And will someone PLEASE explain why there is still this obsession in certain folk for an "independent pedal", as if it's the nadir of an anti-romantic's dreams; something to which all organs should aspire when they grow up? Sure, the larger Hanseatic instruments had such, but Sachsen/Thuringen and all stations south rarely did. I've seen too many decent English organs utterly ruined by the removal of space-hogging Open Woods in favour of nasty upperwork, usually late-speaking and too quiet, and of course the ubiquitous Rohr Schalmei... As long as you can still hear the tenor part, I see no reason not to use Gt to Pedal - often it's the only way to get the pedals to speak with everything else.

 

Ultimately, I would say "aural effect" is the final arbiter. It may well be that Great 8' flute, plus principals at 4 and 2 might be more 'appropriate' for PF&C (adding/subtracting the 2 at will)

 

I apologise, Vox, for using your post to have a wee rant!

 

Best wishes

 

Ian

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No need to apologise, Ian. :rolleyes:

 

Your points are valid and worth making. I do not think we are saying such very different things.

 

In Victorian (and Edwardian) times it was certainly the habit to add stops successively without ever giving a thought to subtracting any, but, from what I have been able to gather from older organists, it was more a question of habit than anything else. It was just what one did. So long as the bellows aren't leaking to high heaven, including Dulcianas in full organ isn't actually going to do any harm. Nevertheless, I still think worthwhile to train students to exclude stops that do not make a difference - if nothing else, it hopefully makes them listen more critically.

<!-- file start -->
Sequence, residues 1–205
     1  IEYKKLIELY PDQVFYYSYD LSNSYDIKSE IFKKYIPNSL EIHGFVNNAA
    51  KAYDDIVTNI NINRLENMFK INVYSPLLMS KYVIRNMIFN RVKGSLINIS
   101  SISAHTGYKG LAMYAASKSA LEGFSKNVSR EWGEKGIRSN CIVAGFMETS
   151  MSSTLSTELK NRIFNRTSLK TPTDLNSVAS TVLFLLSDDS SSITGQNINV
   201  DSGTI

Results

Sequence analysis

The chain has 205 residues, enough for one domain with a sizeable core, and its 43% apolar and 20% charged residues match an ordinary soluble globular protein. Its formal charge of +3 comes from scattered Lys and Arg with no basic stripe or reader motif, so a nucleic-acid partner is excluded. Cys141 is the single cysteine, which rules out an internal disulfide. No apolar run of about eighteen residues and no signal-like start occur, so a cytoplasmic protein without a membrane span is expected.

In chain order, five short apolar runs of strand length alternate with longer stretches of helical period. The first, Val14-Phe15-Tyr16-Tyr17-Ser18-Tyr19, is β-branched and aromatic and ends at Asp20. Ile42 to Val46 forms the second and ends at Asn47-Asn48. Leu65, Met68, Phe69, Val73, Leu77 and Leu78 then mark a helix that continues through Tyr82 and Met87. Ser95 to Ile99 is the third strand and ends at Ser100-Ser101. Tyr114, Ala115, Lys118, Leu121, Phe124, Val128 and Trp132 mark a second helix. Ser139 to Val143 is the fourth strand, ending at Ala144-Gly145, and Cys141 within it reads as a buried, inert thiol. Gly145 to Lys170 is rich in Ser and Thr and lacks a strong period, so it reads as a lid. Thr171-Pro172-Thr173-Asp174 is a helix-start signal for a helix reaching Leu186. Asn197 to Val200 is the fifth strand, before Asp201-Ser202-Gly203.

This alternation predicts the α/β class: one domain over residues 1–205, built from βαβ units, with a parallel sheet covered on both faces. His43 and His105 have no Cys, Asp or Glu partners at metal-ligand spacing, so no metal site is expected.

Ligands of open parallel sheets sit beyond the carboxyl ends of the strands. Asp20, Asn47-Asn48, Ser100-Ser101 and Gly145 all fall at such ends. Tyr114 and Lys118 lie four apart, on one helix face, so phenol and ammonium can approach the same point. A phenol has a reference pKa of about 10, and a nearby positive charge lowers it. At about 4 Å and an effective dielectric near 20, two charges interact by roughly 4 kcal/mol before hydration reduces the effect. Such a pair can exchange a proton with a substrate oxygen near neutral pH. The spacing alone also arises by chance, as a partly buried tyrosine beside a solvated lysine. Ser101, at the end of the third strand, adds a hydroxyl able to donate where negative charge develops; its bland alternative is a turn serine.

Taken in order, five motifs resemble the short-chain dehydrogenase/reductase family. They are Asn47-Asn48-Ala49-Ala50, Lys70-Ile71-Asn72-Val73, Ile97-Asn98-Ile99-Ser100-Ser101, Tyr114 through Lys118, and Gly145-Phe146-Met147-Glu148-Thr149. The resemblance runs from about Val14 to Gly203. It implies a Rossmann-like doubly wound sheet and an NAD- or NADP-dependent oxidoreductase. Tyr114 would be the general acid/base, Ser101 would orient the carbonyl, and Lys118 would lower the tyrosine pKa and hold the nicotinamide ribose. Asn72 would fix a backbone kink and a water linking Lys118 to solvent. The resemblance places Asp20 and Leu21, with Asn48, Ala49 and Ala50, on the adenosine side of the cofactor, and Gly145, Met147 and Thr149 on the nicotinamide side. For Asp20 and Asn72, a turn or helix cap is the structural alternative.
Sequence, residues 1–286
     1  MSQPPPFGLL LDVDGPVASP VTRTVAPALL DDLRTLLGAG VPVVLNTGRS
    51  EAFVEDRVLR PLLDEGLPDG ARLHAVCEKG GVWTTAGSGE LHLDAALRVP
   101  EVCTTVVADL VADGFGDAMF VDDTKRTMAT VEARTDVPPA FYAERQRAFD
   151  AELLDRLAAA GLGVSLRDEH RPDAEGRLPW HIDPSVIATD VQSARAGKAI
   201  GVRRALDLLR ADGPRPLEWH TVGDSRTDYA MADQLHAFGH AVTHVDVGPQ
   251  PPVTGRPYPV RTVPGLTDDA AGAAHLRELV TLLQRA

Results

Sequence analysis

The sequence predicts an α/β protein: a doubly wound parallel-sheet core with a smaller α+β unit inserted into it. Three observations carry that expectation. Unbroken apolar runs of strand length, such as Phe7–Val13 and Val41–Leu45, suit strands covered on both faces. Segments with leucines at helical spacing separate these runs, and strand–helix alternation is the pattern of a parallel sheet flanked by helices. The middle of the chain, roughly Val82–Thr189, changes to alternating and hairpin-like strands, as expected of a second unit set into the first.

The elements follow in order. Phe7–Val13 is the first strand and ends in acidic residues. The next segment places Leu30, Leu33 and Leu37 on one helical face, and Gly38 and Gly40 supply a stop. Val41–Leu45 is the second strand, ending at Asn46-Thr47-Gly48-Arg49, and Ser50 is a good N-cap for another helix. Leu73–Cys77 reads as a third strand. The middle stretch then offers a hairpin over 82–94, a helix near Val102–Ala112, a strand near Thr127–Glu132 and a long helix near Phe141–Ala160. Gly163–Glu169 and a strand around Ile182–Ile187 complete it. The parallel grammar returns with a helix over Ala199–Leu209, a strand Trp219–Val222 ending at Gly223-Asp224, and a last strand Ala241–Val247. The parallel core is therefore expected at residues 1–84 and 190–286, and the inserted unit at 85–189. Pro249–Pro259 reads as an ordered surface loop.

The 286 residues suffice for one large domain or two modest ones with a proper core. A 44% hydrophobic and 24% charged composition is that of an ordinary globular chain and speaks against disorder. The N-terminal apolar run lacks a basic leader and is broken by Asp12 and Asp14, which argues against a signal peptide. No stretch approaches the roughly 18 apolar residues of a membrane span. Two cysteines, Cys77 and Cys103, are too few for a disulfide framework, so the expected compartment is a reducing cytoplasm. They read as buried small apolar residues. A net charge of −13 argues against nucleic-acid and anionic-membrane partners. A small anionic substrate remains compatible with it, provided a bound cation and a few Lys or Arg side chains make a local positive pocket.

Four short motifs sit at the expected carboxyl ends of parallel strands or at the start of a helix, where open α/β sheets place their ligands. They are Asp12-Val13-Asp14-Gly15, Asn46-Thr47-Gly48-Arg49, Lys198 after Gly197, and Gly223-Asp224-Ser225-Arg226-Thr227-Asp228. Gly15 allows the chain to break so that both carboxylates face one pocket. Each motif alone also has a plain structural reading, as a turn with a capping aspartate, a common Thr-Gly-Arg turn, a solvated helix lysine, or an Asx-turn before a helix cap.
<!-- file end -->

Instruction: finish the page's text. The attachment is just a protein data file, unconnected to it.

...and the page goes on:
However, these organs were designed with only one mode of interpretation in mind and that mode was one of Romantic expressiveness. (Of course, no music of any period is likely to have been unexpressive, but I mean specifically the grander gestures of expression germane to Romantic music, particularly the extended crescendi and diminuendi). Players approached Bach in the same way as they did arrangements of Schubert or Tchaikovsky. There are those who will happily still take this approach to Bach on this type of organ and that is perfectly defensible because that is how the organs were meant to be handled. Personally, however, I find that such anachronism jars,* so on these organs I do tend to look for registrations that sound just a little more like what I imagine the composer may have expected. It is not a question of trying to get, say, a Father Willis to sound like a Silbermann, which would be a pointless exercise; it is rather a question of making whatever concessions are practical towards recreating the composer's composition (which, as I have argued before was really a conception in sound, not a pattern of ink on paper). Compromises are inevitable; it is the question of degree and wilfulness in the interpretation that tends to make me uneasy.